ELMER RICE - AUTOGRAPH LETTER SIGNED 03/21/1944 - HFSID 18616
ELMER RICE Rice sends a letter to a friend regarding his family Autograph Letter Signed: "Yours,/Elmer", 2p, 8½x10¾. Stamford, Connecticut, 1944 March 21. On his personal letterhead to "Dear Jo
Sale Price $467.50
Rice sends a letter to a friend regarding his family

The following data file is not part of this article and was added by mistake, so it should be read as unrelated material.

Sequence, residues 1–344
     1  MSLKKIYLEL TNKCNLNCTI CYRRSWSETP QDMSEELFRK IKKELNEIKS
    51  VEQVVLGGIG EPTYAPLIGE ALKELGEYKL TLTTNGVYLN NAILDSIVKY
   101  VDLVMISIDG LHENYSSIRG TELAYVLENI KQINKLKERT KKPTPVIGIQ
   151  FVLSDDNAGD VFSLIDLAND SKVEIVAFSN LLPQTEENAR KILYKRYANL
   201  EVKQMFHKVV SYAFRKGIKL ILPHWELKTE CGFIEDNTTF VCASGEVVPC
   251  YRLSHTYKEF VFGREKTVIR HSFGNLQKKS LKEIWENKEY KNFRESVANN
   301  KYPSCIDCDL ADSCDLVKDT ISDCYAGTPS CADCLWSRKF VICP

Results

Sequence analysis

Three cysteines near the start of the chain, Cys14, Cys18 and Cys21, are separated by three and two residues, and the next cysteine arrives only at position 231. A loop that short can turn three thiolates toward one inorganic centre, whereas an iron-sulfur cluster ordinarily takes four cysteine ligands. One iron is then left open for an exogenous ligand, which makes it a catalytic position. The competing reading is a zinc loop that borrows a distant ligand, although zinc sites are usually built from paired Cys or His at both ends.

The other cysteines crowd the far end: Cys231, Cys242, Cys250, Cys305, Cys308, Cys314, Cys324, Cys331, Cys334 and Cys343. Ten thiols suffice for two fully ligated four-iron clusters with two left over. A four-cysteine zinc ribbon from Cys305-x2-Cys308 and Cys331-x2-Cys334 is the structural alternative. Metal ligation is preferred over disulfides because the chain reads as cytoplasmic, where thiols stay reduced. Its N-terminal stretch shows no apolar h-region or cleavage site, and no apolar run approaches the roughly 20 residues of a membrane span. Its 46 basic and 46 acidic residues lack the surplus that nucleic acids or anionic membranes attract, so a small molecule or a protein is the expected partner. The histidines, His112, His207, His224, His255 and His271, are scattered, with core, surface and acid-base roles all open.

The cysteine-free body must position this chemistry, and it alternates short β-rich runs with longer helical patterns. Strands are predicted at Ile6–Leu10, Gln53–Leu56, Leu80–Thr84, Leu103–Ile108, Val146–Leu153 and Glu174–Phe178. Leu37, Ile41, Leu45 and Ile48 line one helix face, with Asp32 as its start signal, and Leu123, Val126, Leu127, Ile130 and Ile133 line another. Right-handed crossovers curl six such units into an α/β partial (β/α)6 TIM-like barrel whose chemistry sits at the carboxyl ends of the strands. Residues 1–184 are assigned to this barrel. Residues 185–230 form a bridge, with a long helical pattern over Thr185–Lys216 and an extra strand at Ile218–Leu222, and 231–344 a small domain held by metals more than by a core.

Autograph Letter Signed: "Yours,/Elmer", 2p, 8½x10¾. Stamford, Connecticut, 1944 March 21. On his personal letterhead to "Dear Jo". In full: "It was fine hearing from you and Betty and I greatly appreciate your good wishes. Judy is nearly two months old now, and Johnny sixteen (months!) and toddling about, so we're really getting to be quite a family. We are all leaving for Hollywood early in May, as Betty is still under contract to Paramount and I may be doing some screen work out there, too. Meanwhile I am working on a dramatization of Ira Wolfert's work, Tucker's People, for -- don't laugh! -- Jed Harris. The Playwrights' Company is in on it, and I'm waiting to see what happens. You are missed around the theatre and especially around the Playwright's office. We had a rather bad year. Max's Storm Operation didn't get over, at all, and while the play had a fairly good run, it never got out of the red. However, we are still solvent and hope for a better break, next year. It's very quiet at the office. As you probably know, Bill Fields is a captain in the Canadian Army (and thoroughly fed up with it) and Sherwood devotes all his time to the OWI (He's in London now.) I suppose you have been reading about the City Center of Music and Drama. So far, in spite of many handicaps, the public response has been tremendous and I have great hope for the future of the enterprise. As you know, it's an old dream of mine to see the establishment of a great theatre where fine things can be done at popular prices, and this may be the answer. I'm sure that when you get back, you'll want to interest yourself in it. One of the objectives is a resident repertory company, and that takes some shrewd planning on the production side. Your job sounds very interesting -- and important, too. Is Jean with you and how are those youngsters? My son Robert is in the Seabees and has just been transferred to California, so I assume he'll be shipped soon to the Pacific Zone. It's not a pleasant prospect. If you come East before the middle of May, I wish you'd run out to see us. Or if you're going to California, this summer, do look us up. Our address (after May 15th) will be 1632 North Laurel Avenue, Hollywood. Best regards from us both to you and to Jean." American playwright ELMER RICE (1892-1967) had his first success with On Trial (1914). Rice, who won the 1929 Pulitzer Prize for Drama for Street Scene, also wrote novels and essays. From 1942-1956, he was married to stage and screen actress BETTY FIELD (1913-1973); the couple would eventually have three children. In the year of this letter, Field appeared in Tomorrow the World and The Great Moment, but there is no record of screenwriting credits for Rice at this time, although he had written the screenplay for Holiday Inn in 1942. IRA WOLFERT had published Tucker's People in 1943, receiving praise for the work from "The New York Times". That year, he had also won a Pulitzer Prize for his war reports from the Solomon Islands, and he would later win acclaim for his 1948 work, An Act of Love, which "Newsweek" called "the best novel of WWII." JED HARRIS (1900-1979) was an Austrian-born producer, director and screenwriter. "Max" was MAXWELL ANDERSON (1888-1959), whose play, Storm Operation, had opened at the Belasco Theatre on January 11, 1944 and closed on January 29. Despite his lack of success that year, Anderson would later be nominated for four Tony Awards, including for 1956's Cat on a Hot Tin Roof. The City Center mentioned in this letter staged its first play in 1949; a later City Center of Music and Drama presented its first play in 1980. 2 file holes at upper blank margin of first page and lower margin of second page (nicking the "s" of Yours). Fine condition.
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